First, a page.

Stress Incontinence – Definition, Causes, Symptoms And Risk Factors
What is stress Incontinence?
Stress urinary incontinence (SUI), also referred to as effort incontinence, is the unintended loss of urine. It occurs when there is inadequate muscle strength of the pelvic floor and is often triggered by actual physical movements or actions (such as sneezing, coughing, or exercising) that applies pressure (stress) on the bladder.
Stress incontinence is the most commonly encountered type of urinary incontinence and is not linked to emotional/physiological stress.
It is more common in females than in Males. A person with stress incontinence can feel isolated, embarrassed, and restrict his work and social interactions, particularly exercise and leisure pursuits. With early treatment pressure incontinence may be managed.
Other Types of Incontinence
The next most frequent form of incontinence is urge incontinence and occurs when an individual gets an urgent need to pass urine from an ‘over active bladder‘. Urine may trickle even before he has time to rush to the restroom.
Treatment method for this condition is different to stress incontinence. Some individuals may also have both urge incontinence and stress incontinence. This is referred to as ‘mixed’ incontinence.
A symptom is anything a patient feels and describes, whilst a sign is a thing other people, such as a doctor notices. For instance, drowsiness might be a symptom but dilated pupils point to a sign.
When an individual is having stress incontinence he may experience urine leakages. This can happen when :
What is stress incontinence might not be experienced each and every time. Even so, any pressure inducing activity may make the person more susceptible to random urine loss, especially when the bladder is full.
The bladder might not even feel abnormally full when there’s urine leakage because of stress incontinence. It is vital to get medical attention if the symptoms and signs of what is stress incontinence mix with daily living activities such as hobbies, work, and social life.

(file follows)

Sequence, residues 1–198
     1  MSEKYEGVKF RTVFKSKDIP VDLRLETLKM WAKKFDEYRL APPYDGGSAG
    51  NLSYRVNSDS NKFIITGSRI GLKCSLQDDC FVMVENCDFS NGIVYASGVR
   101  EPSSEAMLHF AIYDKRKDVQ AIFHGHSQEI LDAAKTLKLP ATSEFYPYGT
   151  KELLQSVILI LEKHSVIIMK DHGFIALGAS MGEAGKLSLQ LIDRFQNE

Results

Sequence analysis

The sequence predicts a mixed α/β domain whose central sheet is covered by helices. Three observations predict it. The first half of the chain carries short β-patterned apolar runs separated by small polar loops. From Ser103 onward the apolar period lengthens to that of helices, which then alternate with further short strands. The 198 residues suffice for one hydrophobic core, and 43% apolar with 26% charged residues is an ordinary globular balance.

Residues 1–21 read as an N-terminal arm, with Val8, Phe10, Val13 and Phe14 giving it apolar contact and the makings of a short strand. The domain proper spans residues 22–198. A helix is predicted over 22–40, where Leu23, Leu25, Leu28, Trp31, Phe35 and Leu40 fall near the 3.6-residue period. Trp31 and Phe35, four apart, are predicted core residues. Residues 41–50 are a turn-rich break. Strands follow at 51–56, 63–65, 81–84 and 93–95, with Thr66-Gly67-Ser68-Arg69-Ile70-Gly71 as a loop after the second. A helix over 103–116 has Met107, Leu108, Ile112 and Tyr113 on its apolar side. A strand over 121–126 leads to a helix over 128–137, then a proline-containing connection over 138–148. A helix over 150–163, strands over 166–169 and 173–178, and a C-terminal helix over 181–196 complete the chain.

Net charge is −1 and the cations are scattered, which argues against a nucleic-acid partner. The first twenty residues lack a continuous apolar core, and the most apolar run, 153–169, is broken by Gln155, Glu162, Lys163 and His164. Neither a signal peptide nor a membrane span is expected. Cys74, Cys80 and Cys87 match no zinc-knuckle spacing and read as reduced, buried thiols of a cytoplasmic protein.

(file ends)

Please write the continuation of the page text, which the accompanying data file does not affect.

Causes of Stress Incontinence
a ) Childbirth: The majority of cases of stress incontinence occur as a result of vulnerable pelvic floor muscles. The typical reason for the pelvic floor muscles to turn out to be fragile is child-birth.
The pelvic floor muscles are a band of muscles that cover the bottom of the bladder and rectum. There may be nerve or tissue injury sustained during the delivery of a baby. Stress incontinence resulting from injury during childbirth may start just after delivery or in the future.
b) Age. Stress incontinence is also common with advanced age as the muscles become much weaker, especially after menopause.
c) Prostate surgery. In males, the common factor that leads to stress incontinence is the surgical elimination or removal of the prostate gland as a way to deal with prostate cancer. Since the prostate gland circles the urethra, a `prostatectomy ` occurs in less urethral support.
Other contributing factors that may accentuate stress incontinence include :
Diabetes, this may cause excessive urine production and nerve injury.
Ailments that result in chronic sneezing or coughing.
Prescription drugs that induce an immediate increase in urine production.
Too much consumption of alcohol or caffeine.
Smoking-this can lead to frequent coughing.
Urinary tract infections (UTIs).
Sports, such as running or tennis ( for high level athletes ).
Risk factors for stress incontinence
A risk factor is anything that heightens the likelihood of creating a condition or disease. For instance, obesity considerably elevates the risk of producing diabetes type 2. As a result, obesity becomes a risk point for diabetes type 2.
Risk factors that raise the risk of having stress incontinence include things like:
Age. Pressure incontinence is not a usual part of growing old. Having said that, actual physical changes connected with aging, like the decline of muscles are related to stress incontinence.
Women in menopause also lose the valuable effects of estrogen (building up and preserving the tissues of the urethra and vagina) making the advancement of incontinence much more likely.
Obesity. Individuals who are overweight possess a higher risk of stress incontinence. Extra weight puts more stress on the abdominal organs. As a result, the force on the bladder might be increased even with no further pressure from a sneeze or other force.
Past pelvic surgery. Hysterectomy in females, and especially prostate surgery in men, can modify the functionality and support of the urinary bladder or urethra, making it far more likely for an individual to have stress incontinence. This incontinence can be either instant or delayed.
Birth delivery. Delivery of a baby through an operation can be linked with an increased risk of incontinence rather than through natural delivery. Multiple deliveries also can be connected with a higher risk. So if you’re asking yourself what is stress incontinence, we hope we have provided some answers for you.